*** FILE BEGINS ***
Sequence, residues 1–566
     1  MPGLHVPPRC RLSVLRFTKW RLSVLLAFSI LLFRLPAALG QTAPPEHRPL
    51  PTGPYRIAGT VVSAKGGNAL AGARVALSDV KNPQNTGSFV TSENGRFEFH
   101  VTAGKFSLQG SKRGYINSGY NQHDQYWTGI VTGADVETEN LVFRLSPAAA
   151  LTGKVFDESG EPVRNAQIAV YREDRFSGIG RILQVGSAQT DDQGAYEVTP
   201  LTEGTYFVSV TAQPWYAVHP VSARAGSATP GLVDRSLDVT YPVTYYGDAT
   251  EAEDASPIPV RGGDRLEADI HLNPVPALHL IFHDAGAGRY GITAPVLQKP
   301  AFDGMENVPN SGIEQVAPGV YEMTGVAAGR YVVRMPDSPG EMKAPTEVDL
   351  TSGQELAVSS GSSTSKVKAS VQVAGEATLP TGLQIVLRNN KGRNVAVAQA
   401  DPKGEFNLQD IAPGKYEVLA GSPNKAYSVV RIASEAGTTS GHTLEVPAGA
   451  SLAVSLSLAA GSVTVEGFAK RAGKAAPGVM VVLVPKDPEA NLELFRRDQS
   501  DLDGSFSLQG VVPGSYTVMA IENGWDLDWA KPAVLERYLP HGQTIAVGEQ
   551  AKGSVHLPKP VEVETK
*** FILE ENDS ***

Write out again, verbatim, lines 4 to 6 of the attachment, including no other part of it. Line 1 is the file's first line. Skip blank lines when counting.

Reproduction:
   101  VTAGKFSLQG SKRGYINSGY NQHDQYWTGI VTGADVETEN LVFRLSPAAA
   151  LTGKVFDESG EPVRNAQIAV YREDRFSGIG RILQVGSAQT DDQGAYEVTP
   201  LTEGTYFVSV TAQPWYAVHP VSARAGSATP GLVDRSLDVT YPVTYYGDAT